I hold no truck with keeping too firmly tethered to the here and now. A little let-go does the soul a world of good, and nothing beats floating off on a cloud of question marks as time and place melt from view. I already have the perfect soundtrack for the occasion: Fleet Foxes (Sub Pop), the debut by the Seattle band of the same name, could very well offer the deepest decade-leaps and blurriest geographic-muddles you're likely to encounter this year.
In their quest to fuse pre-rock 'n' roll sounds with indie-rock sensibilities, Fleet Foxes don't simply settle for 20th-century American Music 101. Rather, their time-travel extends all the way back to the Black Plague. Along with offering fresh takes on the smooth sounds of '70s SoCal pop; the baroque folk whimsies of Crosby, Stills, and Nash; and the hillbilly twang of your great-great-grandpappy's barn dances, the quintet is also more than willing to get medieval on your unsuspecting ears. Listen closely, and the odd madrigal flutters forth now and again. Little wonder, then, that the Pieter Bruegel painting on the album cover hardly feels like an anachronism. Instead, it arrives thoughtfully recontextualized, much like the pan-decade musical explorations the group pulls off so effortlessly.
Mountains, rivers, birds, and forests these are the main signifiers of Fleet Foxes' pastoral, preIndustrial Age mood-making, along with plenty of references to family and death. On paper, most of their lyrics could pass for traditional folk songs. Translated to plastic, however, the words take on a different character. Wafting and drifting in goose bumpraising harmonies and vocal rounds cloaked in hilltop echo, they at times evoke an agrarian Beach Boys or a less lustful My Morning Jacket. Vocalist Robin Pecknold is endowed with an equally hall-filling tenor as that of MMJ's Jim James, and fluent in a full range of ghostly falsettos, tear-jerking howls, and sweet rally cries each has been steeped in delicious reverb by producer Phil Ek (Built to Spill). Combined with the remaining members' soaring vocal arrangements and deft instrumentation, Fleet Foxes manages to somehow feel comfortingly familiar yet bracingly fresh and new.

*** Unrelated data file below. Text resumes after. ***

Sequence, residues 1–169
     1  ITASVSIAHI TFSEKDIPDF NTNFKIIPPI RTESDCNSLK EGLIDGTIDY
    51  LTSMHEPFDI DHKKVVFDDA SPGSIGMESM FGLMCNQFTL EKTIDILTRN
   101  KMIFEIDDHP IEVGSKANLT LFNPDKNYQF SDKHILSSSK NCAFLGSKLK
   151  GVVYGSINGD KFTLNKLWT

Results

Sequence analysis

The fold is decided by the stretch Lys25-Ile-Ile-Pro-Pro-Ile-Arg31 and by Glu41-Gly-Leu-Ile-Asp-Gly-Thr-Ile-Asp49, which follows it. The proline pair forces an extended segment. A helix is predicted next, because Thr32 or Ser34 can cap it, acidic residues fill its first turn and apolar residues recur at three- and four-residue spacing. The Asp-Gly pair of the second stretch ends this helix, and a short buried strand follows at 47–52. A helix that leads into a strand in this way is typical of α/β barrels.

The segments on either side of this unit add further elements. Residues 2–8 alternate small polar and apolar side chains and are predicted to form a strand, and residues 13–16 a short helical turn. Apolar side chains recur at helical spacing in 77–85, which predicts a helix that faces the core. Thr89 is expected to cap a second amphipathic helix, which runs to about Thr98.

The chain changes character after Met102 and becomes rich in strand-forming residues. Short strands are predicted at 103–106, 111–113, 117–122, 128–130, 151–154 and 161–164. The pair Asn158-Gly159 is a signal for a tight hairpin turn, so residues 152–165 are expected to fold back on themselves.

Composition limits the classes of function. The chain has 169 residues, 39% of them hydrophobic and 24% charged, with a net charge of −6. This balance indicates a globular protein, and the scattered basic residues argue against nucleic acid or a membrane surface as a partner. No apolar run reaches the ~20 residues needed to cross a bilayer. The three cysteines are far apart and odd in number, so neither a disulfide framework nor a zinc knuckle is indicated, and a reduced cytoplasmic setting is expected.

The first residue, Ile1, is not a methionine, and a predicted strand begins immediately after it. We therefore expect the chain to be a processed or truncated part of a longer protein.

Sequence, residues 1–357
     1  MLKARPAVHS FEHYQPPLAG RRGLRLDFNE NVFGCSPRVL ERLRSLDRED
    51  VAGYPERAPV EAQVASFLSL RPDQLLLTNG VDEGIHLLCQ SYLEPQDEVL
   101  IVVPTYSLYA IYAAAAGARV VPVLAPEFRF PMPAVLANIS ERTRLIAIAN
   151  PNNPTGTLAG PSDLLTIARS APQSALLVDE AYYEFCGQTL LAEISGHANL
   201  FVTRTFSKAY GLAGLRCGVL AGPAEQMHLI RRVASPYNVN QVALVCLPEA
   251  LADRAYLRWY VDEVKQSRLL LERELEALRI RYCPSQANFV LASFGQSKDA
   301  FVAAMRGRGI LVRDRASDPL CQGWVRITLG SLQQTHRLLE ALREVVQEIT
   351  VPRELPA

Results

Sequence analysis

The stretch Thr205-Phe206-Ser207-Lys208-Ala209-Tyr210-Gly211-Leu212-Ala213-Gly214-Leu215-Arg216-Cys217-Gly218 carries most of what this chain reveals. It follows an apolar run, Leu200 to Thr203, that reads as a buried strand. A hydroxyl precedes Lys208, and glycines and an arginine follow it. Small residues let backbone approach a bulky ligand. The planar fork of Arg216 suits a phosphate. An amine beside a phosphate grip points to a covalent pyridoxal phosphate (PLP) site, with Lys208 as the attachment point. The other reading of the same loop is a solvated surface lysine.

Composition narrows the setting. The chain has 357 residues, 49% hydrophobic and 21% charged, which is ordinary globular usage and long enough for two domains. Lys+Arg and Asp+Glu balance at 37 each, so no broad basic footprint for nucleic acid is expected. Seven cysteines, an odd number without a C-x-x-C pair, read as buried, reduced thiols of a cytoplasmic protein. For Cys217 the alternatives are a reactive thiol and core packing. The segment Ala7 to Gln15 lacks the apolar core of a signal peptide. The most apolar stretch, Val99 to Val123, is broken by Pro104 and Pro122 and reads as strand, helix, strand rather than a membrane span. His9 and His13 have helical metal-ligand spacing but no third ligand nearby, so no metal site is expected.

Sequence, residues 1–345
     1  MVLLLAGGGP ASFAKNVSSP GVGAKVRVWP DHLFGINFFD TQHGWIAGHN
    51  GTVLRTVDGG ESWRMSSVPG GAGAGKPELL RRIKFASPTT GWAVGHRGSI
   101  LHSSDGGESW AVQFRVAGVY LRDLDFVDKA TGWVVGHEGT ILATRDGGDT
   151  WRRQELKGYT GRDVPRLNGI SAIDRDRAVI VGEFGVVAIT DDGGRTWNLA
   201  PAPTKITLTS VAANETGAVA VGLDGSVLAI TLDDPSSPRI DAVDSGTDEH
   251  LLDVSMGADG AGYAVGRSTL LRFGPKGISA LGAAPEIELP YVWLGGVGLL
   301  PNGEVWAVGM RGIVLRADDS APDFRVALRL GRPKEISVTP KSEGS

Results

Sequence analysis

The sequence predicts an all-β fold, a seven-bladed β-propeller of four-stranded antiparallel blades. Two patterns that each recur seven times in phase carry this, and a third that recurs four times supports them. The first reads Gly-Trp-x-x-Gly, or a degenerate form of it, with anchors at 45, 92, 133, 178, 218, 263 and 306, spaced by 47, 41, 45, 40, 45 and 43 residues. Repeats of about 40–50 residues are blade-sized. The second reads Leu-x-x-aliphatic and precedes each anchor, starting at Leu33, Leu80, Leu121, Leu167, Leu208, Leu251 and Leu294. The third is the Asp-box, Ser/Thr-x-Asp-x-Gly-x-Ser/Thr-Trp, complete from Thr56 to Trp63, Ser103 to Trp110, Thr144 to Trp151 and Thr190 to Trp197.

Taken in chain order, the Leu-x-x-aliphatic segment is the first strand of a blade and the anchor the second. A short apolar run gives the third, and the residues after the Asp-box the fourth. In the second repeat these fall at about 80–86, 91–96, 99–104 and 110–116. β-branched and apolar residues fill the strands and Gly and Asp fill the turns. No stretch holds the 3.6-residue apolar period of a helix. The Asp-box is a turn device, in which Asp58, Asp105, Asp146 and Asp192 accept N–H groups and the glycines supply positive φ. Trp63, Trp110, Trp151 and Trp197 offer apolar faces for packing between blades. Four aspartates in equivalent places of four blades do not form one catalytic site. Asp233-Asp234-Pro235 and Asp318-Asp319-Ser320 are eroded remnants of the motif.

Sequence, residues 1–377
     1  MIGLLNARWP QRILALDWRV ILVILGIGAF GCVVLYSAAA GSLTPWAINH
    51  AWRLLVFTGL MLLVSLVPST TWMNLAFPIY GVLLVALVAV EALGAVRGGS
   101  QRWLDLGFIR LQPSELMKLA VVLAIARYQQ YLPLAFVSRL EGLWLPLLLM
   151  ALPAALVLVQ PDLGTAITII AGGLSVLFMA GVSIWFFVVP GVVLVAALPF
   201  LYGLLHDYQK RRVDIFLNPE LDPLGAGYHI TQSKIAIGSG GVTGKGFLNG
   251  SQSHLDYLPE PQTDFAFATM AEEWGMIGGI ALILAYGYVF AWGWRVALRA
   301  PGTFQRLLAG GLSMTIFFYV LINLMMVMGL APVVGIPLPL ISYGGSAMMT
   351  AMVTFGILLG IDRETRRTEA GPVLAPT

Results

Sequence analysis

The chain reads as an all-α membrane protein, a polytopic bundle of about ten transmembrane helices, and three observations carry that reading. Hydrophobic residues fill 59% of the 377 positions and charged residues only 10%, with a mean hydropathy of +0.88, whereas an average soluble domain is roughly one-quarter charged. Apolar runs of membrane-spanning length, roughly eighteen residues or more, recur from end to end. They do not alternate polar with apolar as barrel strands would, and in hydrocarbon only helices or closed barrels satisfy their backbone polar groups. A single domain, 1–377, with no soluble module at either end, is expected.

From its wordless sighs-from-country-heaven introduction to the heartbreaking Ronettes melodrama of its chorus, "He Doesn't Know Why" might be the band's most immediately persuasive pairing of otherwise perfect strangers, musically speaking. It's also the recording's most full-blown rock moment, along with "Ragged Wood," a transcendent country-rock shuffle powered by Pecknold's exhilarating mountain cries of "You should come back home, back on your own now."
Lest they leave us too anchored to the modern age, Fleet Foxes peel back the centuries without a hitch on the spectral lilt of "Tiger Mountain Peasant Song," a spooky madrigal in which Pecknold ponders, "Dear shadow alive and well, how can the body die?" in harrowing echoes while a single acoustic guitar mournfully picks away in agreement. Elsewhere, in their boldest brain-rattle of century-confusion, Fleet Foxes weld ancient Andean flute melodies to furious Led Zeppelin folk-stomp on "Your Protector," a heavier-than-heavy meditation on death hoisted aloft by wide-eyed shouts of "You run with the devil!" Fierce words, but I'll lose myself in Fleet Foxes' fractured tableaus any ole time, thanks.
Thurs/26, 9 p.m., $10
Bottom of the Hill
1233 17th St., SF